3D Printing Isn’t Always Perfect. But, Sometimes It’s Better When It Messes Up.
Mathieu Schmitt is a French artist who works with 3D printed models in a way you might not expect. 3D printing is the process of creating a physical three dimensional object by applying successive, thin layers of material. Most 3D printers use a form of plastic to do this.
Because computers control 3D printers, Schmitt intentionally corrupts the data of the printing instructions. This in turn causes random, unexpected distortions in the printed object. Schmitt then takes that distorted object and builds a scene around it inside of a black box.
The result is Schmitt’s latest series, Glitched. It’s a subtle, but nonetheless unsettling exploration of what we accept as normal at face value.
A subtly distorted bridge.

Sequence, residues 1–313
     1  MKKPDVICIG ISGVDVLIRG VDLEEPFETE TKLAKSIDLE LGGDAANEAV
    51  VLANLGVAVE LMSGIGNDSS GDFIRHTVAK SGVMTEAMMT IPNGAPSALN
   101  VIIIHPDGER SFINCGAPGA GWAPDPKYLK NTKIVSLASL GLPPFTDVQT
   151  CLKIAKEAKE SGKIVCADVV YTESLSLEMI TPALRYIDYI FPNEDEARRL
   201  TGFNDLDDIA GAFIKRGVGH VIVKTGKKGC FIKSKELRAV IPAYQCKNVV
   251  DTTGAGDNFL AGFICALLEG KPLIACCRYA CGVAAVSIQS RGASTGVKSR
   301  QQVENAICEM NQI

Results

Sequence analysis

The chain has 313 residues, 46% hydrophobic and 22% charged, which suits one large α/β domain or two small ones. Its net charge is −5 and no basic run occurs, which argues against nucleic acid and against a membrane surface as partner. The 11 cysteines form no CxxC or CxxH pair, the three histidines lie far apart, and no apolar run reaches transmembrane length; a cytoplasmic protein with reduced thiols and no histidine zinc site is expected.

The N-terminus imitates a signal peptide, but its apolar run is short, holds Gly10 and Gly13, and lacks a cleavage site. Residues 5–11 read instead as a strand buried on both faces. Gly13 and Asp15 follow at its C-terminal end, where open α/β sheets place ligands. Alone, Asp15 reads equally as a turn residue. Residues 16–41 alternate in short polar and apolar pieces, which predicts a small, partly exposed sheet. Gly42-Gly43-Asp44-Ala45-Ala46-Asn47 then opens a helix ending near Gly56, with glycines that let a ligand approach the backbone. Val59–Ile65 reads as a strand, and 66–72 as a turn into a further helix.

It almost looks natural.
Until you see it from this angle.
This park looks so peaceful.
Reality bends the park bench.
Not a normal parking lot.
Excellent parking job.
A house on the hill.
Except that one side of the house is mutated.
A tragic scene.
The shack looking down on the town.
A melting bus shelter.
A tree splitting through the rock.
From the outside looking in.
The power of 3D printing is pretty amazing, especially in this application. I can’t quite put my finger on it, but there is just something slightly disturbing about these creations.
For more work from Mathieu Schmitt, make sure to visit his website.
Read more: http://viralnova.com/bad-3d-printing/
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